# Is a specific product function orthogonal to all harmonic functions

Suppose $$\Omega=[-1,1]^3$$. Let $$f:[-1,1]\to \mathbb R$$ and $$g:[-1,1]^2\to \mathbb R$$ be smooth functions and suppose that given any harmonic function on $$\Omega$$ (i.e. $$\Delta u =0$$ on $$\Omega$$), with $$u \in L^2(\Omega)$$, there holds: $$\int_{\Omega} u(x^1,x^2,x^2) f(x^1)g(x^2,x^3)\,dx=0.$$

Does it follow that $$f$$ and $$g$$ are identically zero?

• If $h=\Delta w$ with $w$ smooth and compactly supported, then $\int uh=\int u\Delta w=\int (\Delta u) w=0$ for every harmonic function $u$. – Giorgio Metafune Sep 23 at 18:52
• Its true that $\Delta w$ is orthogonal to harmonic functions for all $w \in H^2_0(\Omega)$ but I don’t see how that is relevant at all. The function at hand, may not be writable as $\Delta w$ with $w \in H^2_0(\Omega)$. – Ali Sep 23 at 19:15
• Yes, true. This gives only a counteraxample with a function which is the sum of 2 in the above form. What happens in 2 variables? – Giorgio Metafune Sep 23 at 20:33

Looks like it is so (though the conclusion is rather that either $$f$$, or $$g$$ is identically $$0$$ (one of the two is enough).
Let $$v$$ be the solution of the problem $$\Delta v=fg$$ in $$\Omega$$, $$v|_{\partial\Omega}=0$$. Then, by Green's formula, the integral in question is (up to minus) $$\int_{\partial\Omega}u\frac{\partial v}{\partial n}$$. However, the boundary values of $$u$$ can be anything sufficiently nice we want, so this may hold only if $$\frac{\partial v}{\partial n}$$ is identically zero on the boundary, in which case $$v$$ can be extended by $$0$$ outside $$\Omega$$ and its Laplacian (in the sense of generalized functions, at least) is still $$fg\chi_\Omega$$.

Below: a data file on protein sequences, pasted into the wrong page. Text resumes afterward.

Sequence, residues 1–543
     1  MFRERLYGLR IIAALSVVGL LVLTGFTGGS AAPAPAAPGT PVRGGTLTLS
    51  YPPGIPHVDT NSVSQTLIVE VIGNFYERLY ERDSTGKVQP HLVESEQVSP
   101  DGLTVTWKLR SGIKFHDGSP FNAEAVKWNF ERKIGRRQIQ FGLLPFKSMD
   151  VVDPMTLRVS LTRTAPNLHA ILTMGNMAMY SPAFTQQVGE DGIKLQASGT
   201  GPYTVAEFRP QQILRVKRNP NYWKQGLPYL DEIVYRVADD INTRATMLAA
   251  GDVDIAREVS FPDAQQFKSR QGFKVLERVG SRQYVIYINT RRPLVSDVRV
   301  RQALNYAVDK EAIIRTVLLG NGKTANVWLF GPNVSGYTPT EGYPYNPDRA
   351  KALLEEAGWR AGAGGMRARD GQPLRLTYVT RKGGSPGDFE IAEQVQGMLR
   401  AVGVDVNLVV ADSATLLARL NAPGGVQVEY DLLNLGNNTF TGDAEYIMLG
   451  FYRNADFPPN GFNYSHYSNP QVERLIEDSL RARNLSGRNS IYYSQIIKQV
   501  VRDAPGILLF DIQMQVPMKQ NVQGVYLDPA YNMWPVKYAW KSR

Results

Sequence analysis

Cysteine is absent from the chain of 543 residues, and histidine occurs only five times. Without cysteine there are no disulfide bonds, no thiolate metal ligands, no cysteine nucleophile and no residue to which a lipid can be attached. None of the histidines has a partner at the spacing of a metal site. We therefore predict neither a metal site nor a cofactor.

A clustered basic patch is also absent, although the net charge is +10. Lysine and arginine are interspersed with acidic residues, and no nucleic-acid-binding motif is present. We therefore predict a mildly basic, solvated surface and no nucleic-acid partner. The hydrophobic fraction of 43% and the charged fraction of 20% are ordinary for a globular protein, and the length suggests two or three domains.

Now it suffices to show that the Laplacian of a compactly supported function cannot be a product like above unless it is zero. Indeed, its Fourier transform would then be the product $$F(z_1)G(z_2,z_3)$$ of two entire functions and it should vanish whenever $$z_1^2+z_2^2+z_3^2=0$$. If there exist $$a,b\in\mathbb C$$ with $$a^2+b^2=-c^2\ne 0$$ such that $$G(a,b)\ne 0$$, then the function $$F(cz)G(az,bz)$$ of one complex variable vanishes identically and, since the second factor is not zero for $$z=1$$, we must have $$F\equiv 0$$, i.e., $$f\equiv 0$$. Otherwise $$G(z_2,z_3)$$ is zero on a dense set in $$\mathbb C^2$$, so it is identically $$0$$ and so is $$g$$.